This product was investigated with respect to rigidity, i.e. its ability to resist compression under the influence of a pressure drop thereby being able to maintain high flow rates under chromatographic experiments. The product was packed in a chromatographic tube with an inner diameter of 2.5 cm. to a bed height of 22.7 cm. Various pressures (hydrostatic heads) were applied to the column and the flow rate and bed height were measured. The following table shows the results:
Flow rate Bed height,
em. Ml./hou.r Pressure Pressure, cm. water:
It is evident that the beads were highly rigid as flow rate increased proportionally to pressure and bed height remained virtually constant up to pressures as high as six times bed height.
EXAMPLE 3 Microns: Percent 30-50 5 50-100 14 The 100-200 micron fraction had the following analytical data:
Cellulose Ash content mg./g 3.0 Copper content ;ig./g 2.7 Content of carboxyl groups ueq./g 7.6
The 100-200 micron fraction was tested chromatographically in the same way as the product obtained in Example 1. In this case the bed volume was 84.0 ml., the elution volumes for coli bacteria, the coloured dextran and benzyl alcohol were 41.6 ml., 50.0 ml. and 82.3 ml. respectively and the amount of cellulose was 7.83 g. From these data one could calculate that (a) the cellulose content in the beads was 18.5% w./v.
(b) the wet density of the beads was 1.07
(c) 20% of the volume of gel grains was accessible to the high molecular weight dextran.
EXAMPLE 4 According to the same technique as described in Example 1, a solution of 3 g. cellulose (linters powder), 2.4 g. cupric hydroxide and 0.25 g. cuprous chloride in 100 ml. concentrated aqueous ammonia was dispersed in a solution of 2.5 g. Emulphor EL in 500 ml. benzene. Stirrer speed was 1800 r.p.m. The dispersed cellulose solution was regenerated with a solution of 125 g. acetic acid dissolved in 3.8 l. benzene. After having recovered the product as described in Example 1, the 100-200-micron fraction was tested chromatographically as described in Example 1. On a column of a bed volume of 84.0 ml. the elution volumes of coli bacteria,' the dyed dextran and benzyl alcohol were 40.2 ml., 41.5 ml. and 84.6 ml. respectively. This material thus turned out to have smaller pores than that prepared according to Example 3, despite having a lower cellulose concentration.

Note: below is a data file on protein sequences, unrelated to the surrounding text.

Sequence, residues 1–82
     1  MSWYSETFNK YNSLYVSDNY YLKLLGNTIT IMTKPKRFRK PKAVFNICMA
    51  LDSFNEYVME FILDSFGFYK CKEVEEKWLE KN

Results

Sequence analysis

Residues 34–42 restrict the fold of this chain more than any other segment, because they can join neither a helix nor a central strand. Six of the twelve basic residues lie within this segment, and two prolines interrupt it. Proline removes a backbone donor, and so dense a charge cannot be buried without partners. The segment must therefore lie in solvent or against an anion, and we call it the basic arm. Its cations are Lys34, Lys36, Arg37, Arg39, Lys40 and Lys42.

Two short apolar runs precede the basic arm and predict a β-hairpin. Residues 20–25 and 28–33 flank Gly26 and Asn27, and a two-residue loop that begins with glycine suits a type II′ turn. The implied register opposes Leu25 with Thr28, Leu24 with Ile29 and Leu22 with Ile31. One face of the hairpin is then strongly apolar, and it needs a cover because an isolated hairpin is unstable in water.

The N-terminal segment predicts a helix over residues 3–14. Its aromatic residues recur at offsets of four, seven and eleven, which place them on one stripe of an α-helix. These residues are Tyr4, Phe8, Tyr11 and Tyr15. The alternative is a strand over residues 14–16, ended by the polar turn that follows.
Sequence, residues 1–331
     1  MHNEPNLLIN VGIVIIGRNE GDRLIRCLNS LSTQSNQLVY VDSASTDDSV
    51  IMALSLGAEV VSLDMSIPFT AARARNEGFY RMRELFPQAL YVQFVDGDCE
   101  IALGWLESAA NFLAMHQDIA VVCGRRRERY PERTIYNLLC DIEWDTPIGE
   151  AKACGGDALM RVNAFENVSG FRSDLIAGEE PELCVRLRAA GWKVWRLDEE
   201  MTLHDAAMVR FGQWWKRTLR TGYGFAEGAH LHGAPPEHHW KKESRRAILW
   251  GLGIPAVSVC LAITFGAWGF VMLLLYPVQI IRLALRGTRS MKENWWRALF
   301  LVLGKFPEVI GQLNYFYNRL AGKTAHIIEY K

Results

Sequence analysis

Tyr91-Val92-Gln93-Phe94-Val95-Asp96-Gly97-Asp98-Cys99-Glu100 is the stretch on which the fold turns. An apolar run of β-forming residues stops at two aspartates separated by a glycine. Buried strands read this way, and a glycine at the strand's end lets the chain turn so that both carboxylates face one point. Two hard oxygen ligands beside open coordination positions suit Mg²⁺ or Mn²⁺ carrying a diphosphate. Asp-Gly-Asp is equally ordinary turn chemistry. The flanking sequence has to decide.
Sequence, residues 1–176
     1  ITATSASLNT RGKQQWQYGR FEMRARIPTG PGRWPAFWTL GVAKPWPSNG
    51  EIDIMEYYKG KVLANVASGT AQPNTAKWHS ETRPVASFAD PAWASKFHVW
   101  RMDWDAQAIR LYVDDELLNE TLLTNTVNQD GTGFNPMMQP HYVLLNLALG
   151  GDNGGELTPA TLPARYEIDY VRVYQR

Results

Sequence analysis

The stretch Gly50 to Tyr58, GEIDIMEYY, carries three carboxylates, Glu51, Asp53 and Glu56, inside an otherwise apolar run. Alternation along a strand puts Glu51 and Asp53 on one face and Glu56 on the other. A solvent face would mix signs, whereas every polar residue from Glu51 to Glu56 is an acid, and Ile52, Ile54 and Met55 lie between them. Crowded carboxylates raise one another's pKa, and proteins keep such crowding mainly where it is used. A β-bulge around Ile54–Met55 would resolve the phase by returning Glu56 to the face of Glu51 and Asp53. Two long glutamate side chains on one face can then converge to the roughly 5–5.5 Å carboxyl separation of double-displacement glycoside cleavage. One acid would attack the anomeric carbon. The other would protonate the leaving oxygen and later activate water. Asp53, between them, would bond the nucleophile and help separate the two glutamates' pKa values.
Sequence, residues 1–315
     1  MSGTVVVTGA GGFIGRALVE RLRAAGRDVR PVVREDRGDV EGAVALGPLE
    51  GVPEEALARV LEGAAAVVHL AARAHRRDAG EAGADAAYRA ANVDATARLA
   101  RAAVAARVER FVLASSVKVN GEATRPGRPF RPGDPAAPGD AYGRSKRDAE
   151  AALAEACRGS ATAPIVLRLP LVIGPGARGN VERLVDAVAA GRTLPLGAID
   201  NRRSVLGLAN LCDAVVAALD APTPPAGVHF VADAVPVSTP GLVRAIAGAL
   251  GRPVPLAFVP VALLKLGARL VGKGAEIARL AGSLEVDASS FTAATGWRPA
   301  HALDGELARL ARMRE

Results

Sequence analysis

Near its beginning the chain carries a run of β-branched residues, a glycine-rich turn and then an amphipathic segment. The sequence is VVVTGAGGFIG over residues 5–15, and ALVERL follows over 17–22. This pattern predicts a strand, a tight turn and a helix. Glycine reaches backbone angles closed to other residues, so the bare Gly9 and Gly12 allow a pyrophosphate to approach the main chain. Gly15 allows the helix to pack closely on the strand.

EXAMPLE A solution of 18 g. cellulose (chromatographic grade), g. cupric hydroxide and 0.75 g. cuprous chloride in 300 ml. concentrated aqueous ammonia was dispersed in a solution of 11 g. cellulose acetate butyrate in 400 ml. ethylene chloride in a one litre reaction vessel by stirring with an anchor-shaped stirrer at 200 r.p.m. The dispersion was allowed to flow into a well stirred solution of 750 g. benzoic acid in 4 l. ethylene dichloride. The product was then allowed to float up, whereafter the ethylene dichloride layer was discarded and the prod uct was washed thoroughly with acetone to remove remaining cellulose ester. After a treatment with 8% aqueous sodium hydroxide the product was then washed thoroughly with water on a 40 micron screen. Examination under the microscope revealed that the product was beaded.
EXAMPLE 6 A solution of 3 g. cellulose (rayon) in 100 g. aqueous cadmium ethylene diamine hydroxide (prepared according to Naturwiss. 44/ 1957/ 62) was dispersed in a solution of 1 g. Emulphor EL in 500 ml. benzene by stirring with 2300 r.p.m. and regenerated with a mixture of 500 ml. benzene and 500 ml. acetic acid. The cellulose beads were allowed to sediment and were then rinsed and sieved in Water. The yield was 6 m1. cellulose beads having the following particle size distribution: